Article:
Friday, December 20, 2013

Who where what

I met a woman named Starlight Compost
naked and glorious by the river
and later at her home, tying the knot
under the oaks with a man named Kindred.
Still au naturel, fragrant, sand spattered.

I tell friends I met a woman named Star—
“and you won’t believe her surname.” The Ridge
cultivates its own cultural weather
that can seem to be a caricature
when you’re standing with neighbors on the street.

I put kitchen scraps in the worm bin,
which sits at the end of the rectangle
of lamplight from the living-room windows.
The scraps of our past make a dank tangle
and the impelling smells of nascent dirt.

Above only the few brightest bangles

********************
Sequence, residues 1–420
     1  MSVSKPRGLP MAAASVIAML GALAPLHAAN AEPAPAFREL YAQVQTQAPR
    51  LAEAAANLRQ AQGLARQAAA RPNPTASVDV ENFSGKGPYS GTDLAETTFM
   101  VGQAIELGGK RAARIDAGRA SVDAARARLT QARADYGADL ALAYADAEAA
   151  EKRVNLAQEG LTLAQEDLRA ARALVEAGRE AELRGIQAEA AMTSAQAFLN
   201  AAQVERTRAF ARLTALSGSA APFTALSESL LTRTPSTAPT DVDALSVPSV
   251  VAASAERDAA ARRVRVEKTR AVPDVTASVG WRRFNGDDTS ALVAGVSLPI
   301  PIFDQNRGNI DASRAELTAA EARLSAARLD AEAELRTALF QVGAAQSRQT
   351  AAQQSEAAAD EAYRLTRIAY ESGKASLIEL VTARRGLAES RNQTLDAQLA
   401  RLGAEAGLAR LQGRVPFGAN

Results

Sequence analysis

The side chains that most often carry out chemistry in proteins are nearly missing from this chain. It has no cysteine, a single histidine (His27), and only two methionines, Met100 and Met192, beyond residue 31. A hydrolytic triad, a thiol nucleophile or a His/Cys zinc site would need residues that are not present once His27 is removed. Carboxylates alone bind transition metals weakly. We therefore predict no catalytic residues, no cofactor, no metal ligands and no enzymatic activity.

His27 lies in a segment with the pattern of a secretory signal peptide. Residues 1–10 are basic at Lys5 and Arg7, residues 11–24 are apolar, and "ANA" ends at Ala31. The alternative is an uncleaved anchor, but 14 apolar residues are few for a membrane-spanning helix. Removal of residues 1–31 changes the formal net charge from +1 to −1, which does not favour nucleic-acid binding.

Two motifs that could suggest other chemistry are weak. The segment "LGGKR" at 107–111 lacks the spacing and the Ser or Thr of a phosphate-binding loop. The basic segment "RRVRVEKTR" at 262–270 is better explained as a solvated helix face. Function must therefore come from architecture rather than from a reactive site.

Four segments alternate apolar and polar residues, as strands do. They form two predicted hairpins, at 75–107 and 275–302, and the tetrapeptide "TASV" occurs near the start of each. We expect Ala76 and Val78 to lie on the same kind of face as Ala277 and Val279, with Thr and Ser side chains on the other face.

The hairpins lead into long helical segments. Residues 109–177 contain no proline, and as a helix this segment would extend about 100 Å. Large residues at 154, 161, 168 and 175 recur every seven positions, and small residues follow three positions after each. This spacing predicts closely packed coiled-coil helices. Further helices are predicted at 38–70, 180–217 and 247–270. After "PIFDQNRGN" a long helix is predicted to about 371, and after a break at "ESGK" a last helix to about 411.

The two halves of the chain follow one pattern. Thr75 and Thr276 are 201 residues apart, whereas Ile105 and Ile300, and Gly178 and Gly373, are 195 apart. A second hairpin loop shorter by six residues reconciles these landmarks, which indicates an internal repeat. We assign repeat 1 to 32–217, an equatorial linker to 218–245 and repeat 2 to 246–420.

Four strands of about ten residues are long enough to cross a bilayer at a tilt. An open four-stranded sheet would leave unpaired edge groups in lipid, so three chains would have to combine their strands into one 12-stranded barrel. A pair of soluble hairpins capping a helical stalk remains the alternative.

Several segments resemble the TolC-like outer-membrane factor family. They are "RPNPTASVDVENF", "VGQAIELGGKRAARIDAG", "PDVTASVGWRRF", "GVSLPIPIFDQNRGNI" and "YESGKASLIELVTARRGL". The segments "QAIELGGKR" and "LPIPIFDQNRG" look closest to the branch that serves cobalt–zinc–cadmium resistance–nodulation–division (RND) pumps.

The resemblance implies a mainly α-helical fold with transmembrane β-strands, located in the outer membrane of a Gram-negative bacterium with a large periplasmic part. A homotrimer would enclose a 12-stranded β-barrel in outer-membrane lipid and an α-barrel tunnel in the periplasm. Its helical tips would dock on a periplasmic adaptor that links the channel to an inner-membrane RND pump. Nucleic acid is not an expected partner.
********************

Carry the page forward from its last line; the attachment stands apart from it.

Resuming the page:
suggest there may be celestial angles.

1 comment:

  1. With you there brother, "The scraps of our past make a dark tangle/ and the impelling smells of nascent dirt." This poem is so Bay area, so bioregional. May this be a season of nascent earth for us all...birthed from the depths of muck and making into the implausibly possible, the magnificent (/magnifi-scent), the vibrant if also sometimes surreal.

    That could be a whole prompt: taking out the compost. Is that the new equivalent of the smoke break, the way we get out of the built and into our provender senses? Certainly more connective...

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